HomeArtsCHS dancers intertwine ‘Nutcracker’ tradition with Carmel community

CHS dancers intertwine ‘Nutcracker’ tradition with Carmel community

Published Dec. 13, 2023


From the extravagant costumes and jovial setting to the graceful dancers onstage, it’s no wonder why the Carmel community has fallen in love with “The Nutcracker” each winter, with many Carmel High School dancers involved year after year.

Performed this Dec. 8-10 at the Sunset Center, “The Nutcracker” is put on by the Monterey Peninsula Ballet Theatre, a nonprofit organization whose artistic director, Tia Brown Rosenblum, is also the co-owner along with Laura Jeselnick of The Dance Center in Carmel.

“We’ve seen [“The Nutcracker”] become a family and friend bonding experience,” Brown says. “We’ve seen an immense growth in the support, the attendance and just a love for the continued ability to bring such amazing arts and cultures to the Monterey Peninsula from our local youth.”

Leads in the Nutcracker elegantly pose, including CHS’ Kate Bunch (back left) as the Angel Queen, Liliana Biggs (back second) as the Dew Drop Fairy, and Dana Pfeiffer (back second right) as the Snow Queen. (courtesy of HEIDI BORGIA PHOTOGRAPHY)

This year’s performance marks MPBT’s sixth annual Nutcracker, completely unaffiliated with a prior production put on by the Dance Kids of Monterey in association with the Carmel Academy of Performing Arts, which closed in 2020.

Clara’s story of being whisked to a winter wonderland by the Nutcracker Prince, with a unique spin of Clara transforming into a princess in Act 2, all performed through ballet perfectly encompasses what the holiday season is all about for many CHS dancers.

“It’s fun to see all the magic come together,” says senior Kate Bunch, who has danced in four Nutcrackers and landed her first lead role as the Angel Queen. “All the little kids get so excited, and there’s so much cheer around the whole thing.”

For dancers of both Carmel High and TDC, “The Nutcracker” offers new experiences. At CHS under dance director Kristine Tarozzi, dancers cover a range of genres from contemporary to jazz throughout two dance shows a year. In “The Nutcracker,” dancers hone in on a specific genre of dance: ballet.

“Even though [CHS and MPBT] shows look different from each other, it’s a lot of the same people putting in the same amount of work, passionate about multiple forms of dance,” says junior Ella Gaily, the lead Reed Pipe, who has been dancing for 13 years. “Doing both showcases your versatility in what you’re willing to do.”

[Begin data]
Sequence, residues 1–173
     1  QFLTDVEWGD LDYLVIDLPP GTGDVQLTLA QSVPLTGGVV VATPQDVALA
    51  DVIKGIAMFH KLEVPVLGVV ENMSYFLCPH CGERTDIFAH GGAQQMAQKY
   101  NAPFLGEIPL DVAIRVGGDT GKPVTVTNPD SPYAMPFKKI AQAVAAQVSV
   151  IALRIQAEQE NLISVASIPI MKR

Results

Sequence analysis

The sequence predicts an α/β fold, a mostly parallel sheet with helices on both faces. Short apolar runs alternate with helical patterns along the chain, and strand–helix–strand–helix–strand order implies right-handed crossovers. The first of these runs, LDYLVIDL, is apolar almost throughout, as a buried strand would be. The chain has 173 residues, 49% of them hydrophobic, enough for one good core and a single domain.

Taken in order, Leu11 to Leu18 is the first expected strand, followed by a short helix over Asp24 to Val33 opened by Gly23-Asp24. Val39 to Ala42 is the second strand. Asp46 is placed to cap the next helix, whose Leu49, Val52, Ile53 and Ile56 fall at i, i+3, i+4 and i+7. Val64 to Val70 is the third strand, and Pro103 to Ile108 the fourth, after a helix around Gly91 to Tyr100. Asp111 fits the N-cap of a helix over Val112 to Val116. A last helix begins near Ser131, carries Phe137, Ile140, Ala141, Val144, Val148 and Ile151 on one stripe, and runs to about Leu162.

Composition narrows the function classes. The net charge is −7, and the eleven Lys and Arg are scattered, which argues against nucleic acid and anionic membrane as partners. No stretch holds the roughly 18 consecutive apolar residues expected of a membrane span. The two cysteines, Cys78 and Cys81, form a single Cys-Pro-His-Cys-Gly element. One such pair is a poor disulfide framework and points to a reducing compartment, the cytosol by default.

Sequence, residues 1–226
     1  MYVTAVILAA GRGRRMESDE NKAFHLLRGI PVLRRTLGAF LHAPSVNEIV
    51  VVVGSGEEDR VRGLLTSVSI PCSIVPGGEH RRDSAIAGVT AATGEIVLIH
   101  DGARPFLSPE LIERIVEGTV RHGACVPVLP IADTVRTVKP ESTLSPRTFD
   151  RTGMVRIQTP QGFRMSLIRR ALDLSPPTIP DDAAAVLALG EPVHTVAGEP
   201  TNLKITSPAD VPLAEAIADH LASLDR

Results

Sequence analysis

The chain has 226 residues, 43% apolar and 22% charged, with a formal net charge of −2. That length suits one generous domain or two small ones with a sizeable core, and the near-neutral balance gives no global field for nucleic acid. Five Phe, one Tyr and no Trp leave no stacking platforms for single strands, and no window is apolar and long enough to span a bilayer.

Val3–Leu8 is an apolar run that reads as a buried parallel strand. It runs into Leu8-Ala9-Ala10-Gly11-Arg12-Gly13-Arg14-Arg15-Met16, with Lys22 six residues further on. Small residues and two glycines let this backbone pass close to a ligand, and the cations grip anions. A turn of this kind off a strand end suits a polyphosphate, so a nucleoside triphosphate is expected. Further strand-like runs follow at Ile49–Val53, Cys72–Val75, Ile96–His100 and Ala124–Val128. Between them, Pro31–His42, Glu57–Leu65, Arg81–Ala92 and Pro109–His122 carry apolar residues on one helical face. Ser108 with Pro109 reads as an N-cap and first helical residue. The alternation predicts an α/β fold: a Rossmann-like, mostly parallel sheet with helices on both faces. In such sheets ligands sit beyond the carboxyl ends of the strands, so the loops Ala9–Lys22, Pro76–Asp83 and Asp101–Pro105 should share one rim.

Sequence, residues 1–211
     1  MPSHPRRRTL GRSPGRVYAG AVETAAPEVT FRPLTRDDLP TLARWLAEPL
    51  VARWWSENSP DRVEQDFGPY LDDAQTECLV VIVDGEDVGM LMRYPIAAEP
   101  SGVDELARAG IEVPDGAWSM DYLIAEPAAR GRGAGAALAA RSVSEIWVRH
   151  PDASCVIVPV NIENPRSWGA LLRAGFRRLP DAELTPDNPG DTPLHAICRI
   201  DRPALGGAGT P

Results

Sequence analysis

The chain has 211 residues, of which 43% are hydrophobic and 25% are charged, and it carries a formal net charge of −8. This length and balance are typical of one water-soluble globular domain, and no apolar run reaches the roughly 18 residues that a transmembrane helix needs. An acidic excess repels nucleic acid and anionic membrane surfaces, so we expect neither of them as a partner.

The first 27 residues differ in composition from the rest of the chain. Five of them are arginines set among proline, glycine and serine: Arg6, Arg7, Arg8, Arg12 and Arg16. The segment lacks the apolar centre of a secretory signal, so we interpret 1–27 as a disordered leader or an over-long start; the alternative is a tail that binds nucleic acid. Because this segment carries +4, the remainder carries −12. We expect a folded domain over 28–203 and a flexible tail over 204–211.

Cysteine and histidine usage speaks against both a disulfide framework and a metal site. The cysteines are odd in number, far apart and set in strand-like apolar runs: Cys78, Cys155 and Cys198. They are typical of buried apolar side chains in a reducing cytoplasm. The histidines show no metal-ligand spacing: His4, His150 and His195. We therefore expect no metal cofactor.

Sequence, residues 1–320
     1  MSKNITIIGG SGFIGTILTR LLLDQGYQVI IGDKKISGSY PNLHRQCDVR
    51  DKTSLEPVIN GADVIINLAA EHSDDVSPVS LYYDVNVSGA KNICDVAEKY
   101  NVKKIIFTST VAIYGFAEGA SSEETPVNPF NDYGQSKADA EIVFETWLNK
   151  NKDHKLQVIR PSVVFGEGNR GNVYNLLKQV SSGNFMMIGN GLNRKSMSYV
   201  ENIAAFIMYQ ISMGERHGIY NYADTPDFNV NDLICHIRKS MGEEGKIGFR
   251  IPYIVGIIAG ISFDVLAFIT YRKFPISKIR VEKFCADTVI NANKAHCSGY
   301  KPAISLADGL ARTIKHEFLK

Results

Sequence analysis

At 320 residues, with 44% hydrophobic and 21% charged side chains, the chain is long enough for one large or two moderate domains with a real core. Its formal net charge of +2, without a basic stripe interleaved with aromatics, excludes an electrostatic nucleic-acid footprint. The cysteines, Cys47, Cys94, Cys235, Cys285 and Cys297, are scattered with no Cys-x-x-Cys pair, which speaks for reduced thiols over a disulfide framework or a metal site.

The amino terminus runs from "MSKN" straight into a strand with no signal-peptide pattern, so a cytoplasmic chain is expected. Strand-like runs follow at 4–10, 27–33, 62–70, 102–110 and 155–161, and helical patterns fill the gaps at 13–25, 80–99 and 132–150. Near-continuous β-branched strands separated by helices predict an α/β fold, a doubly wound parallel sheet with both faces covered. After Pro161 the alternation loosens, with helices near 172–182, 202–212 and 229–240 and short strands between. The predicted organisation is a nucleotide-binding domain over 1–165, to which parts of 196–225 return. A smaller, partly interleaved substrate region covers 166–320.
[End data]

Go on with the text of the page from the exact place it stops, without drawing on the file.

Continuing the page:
Rehearsals for “The Nutcracker” happen mainly on weekends from mid-September through early December. They can last two to three hours depending on the scene and role, not to mention the hours dedicated to dance for those with weekday TDC classes or on competition teams.

“Dance is such a big part of our lives,” says sophomore Liliana Biggs, the Dew Drop Fairy who leads the Waltz of the Flowers. “‘The Nutcracker’ is a great opportunity to perform onstage.”

Involvement of CHS dancers in “The Nutcracker” extends to past years, some examples being recent graduates Sage Melton and Maya Yamada.

Mouse Queen comes to life with Drosselmeyer and the Nutcracker Prince defending Clara. (courtesy of HEIDI BORGIA PHOTOGRAPHY)

“There’s such a strong community that’s found within ‘The Nutcracker’,” says Melton, who has danced for 16 years, has been in 11 Nutcrackers and is currently majoring in dance at SUNY Purchase in New York. “That’s what the holiday season means to me—it’s a way I’m able to share dance with my community.” 

Melton and Yamada emphasize that dancers who stick with “The Nutcracker” develop, along with more challenging roles, responsibility and fondness for the mini soldier dolls or mini snowflakes that they once were years ago.

“You were in charge of the dancers that were underneath you,” says Yamada, who was part of 12 Nutcrackers. “I got to hang out with a lot of the younger dancers and even the minis. It was fun getting to watch them grow up and have a great time onstage.”

The long history of “The Nutcracker” tradition in the Carmel community can also be seen unexpectedly through Heather Roman, a CHS math teacher. A Carmel local and former dancer for CAPA, Roman herself never danced in the Dance Kids Nutcracker, but recalls River Elementary School field trips to the Sunset Center to watch the dress rehearsal and later, as a Carmel high schooler, watching her fellow dancers take on lead roles. 

For dancers onstage, “The Nutcracker” is an opportunity to take part in a grand performance hall such as the Sunset Center, and for parents, classmates and audience members, it’s a joyous kickoff to the winter season.

“It’s the confidence that builds, allowing students to [be onstage] with 720 people in the audience staring back at them,” Brown says. “[That’s] a very empowering feeling, and it gives them a sense of giving back as well as a personal growth and accomplishment.”

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